Employment numbers went down for people with disabilities in December. This is according to the Kessler Foundation and the University of New Hampshire's Institute on Disability. Experts are still optimistic about 2019. There has been steady improvement in the employment situation for people with disabilities since February 2016. The past seven months have seen both ups and downs in the employment-to-population ratio and labor force participation rate for people with disabilities.
December is the third month in 2018 with results that show a decline. Workforce participation for people who do not have disabilities and are of working age rose about 1 percent. The number for similar people with disabilities was just above that. Working age refers to people who are between 16 and 64 years old. Employed people with disabilities represented 3.2 percent of the 146.5 million people employed in the US.
Full Story: Andrew Houtenville, John O'Neill, Employment Numbers for People with Disabilities Dipped in December, Philanthropy News Digest, Jan. 11, 2019, available at
2. Disability Hiring Campaign Launched by Richard Branson
Richard Branson is supporting a campaign to get 500 global businesses to commit to having disability issues prioritized. Branson's Virgin Group joined nine other businesses, including Microsoft and Barclays, in the initiative. Branson stated that "disability can no longer be a conservation reserved for charity and health organizations." He added, "It's time more brands woke up to the collective benefits of understanding people with disabilities and their needs." The campaign is called Valuable 500 and was launched by an Irish disability advocate named Caroline Casey, who is blind.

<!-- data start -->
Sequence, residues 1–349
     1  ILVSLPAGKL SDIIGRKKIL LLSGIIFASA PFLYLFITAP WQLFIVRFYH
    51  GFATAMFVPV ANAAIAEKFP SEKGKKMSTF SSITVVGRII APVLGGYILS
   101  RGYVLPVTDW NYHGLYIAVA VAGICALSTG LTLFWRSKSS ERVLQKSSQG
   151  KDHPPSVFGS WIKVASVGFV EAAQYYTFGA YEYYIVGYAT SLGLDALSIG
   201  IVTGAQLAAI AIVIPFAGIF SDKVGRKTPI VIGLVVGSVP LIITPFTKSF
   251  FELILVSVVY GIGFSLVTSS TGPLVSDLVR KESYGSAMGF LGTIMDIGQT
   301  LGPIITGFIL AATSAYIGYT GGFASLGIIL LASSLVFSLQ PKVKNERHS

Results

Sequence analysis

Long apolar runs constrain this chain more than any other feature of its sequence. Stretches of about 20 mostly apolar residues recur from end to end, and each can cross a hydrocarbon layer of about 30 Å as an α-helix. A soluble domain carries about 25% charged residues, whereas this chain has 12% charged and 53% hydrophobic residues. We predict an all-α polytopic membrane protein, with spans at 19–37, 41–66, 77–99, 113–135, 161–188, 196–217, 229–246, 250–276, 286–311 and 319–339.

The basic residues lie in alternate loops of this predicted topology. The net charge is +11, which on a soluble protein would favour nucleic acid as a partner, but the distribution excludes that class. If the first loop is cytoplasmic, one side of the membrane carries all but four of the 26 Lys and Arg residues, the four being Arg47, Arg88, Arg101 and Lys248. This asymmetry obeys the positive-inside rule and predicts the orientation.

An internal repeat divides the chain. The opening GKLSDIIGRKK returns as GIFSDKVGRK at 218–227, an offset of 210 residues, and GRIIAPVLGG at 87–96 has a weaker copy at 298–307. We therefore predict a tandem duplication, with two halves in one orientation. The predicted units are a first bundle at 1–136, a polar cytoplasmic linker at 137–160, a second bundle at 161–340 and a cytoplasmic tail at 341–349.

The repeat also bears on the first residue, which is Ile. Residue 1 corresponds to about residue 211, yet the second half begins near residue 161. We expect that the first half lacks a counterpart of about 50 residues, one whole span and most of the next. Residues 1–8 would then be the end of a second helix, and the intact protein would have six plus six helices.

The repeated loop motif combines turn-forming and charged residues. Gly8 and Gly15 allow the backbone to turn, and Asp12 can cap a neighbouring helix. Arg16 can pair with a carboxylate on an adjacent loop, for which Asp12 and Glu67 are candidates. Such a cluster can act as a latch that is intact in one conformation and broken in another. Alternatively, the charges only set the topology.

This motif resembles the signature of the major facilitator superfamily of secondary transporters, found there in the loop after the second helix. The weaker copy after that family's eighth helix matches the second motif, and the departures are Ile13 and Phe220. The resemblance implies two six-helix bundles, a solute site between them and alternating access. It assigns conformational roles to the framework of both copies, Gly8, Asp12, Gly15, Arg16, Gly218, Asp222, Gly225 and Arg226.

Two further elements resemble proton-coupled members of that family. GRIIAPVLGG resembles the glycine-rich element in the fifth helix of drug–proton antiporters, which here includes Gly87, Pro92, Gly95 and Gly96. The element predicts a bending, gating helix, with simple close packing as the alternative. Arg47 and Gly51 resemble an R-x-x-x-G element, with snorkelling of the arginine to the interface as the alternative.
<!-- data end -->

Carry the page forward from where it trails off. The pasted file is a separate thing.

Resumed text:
According to the World Health Organization and World Bank, in 2011 around 15% of the global population had some sort of disability. Casey's organization estimates people with disabilities are about 50% less likely to get a job. They also estimate that they are 50% more likely to experience poverty. Casey notes that the conversations have to happen at the top first. The next steps are to make inclusion spread through the rest of the business. These efforts are aligned with ongoing world conversations, including those at the World Economic Forum in Davos.
Full Story: Alanna Petroff, Richard Branson Helps Launch New Disability Campaign for Businesses, Yahoo Finance, Jan. 25, 2019, available at
1. Study Says Test Scores Support Inclusive Classrooms
A new study from Indiana University adds force to the argument for inclusive classrooms. The study comes out of the University's Center on Education and Lifelong Learning. Researchers focused on eighth graders across the state of Indiana. They looked at the state test scores of the sampled eighth graders over the course of their school career. Data showed that the test scores of those with disabilities greatly improved when they learned in an integrated general education classroom rather than a special education class.